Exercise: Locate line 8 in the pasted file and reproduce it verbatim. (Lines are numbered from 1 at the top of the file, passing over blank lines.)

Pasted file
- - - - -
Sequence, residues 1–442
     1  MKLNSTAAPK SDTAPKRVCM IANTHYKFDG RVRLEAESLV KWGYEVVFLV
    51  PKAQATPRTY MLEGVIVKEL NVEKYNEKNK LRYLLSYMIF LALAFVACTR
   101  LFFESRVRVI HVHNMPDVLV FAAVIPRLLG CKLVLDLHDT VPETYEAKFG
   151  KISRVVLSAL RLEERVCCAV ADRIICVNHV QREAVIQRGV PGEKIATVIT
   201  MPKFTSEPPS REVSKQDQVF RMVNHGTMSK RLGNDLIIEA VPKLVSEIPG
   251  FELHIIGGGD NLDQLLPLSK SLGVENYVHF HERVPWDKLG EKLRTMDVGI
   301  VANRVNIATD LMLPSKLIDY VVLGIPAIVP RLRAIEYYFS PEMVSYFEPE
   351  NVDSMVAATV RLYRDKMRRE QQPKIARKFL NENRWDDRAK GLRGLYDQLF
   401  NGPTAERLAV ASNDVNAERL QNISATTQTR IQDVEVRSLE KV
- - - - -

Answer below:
   301  VANRVNIATD LMLPSKLIDY VVLGIPAIVP RLRAIEYYFS PEMVSYFEPE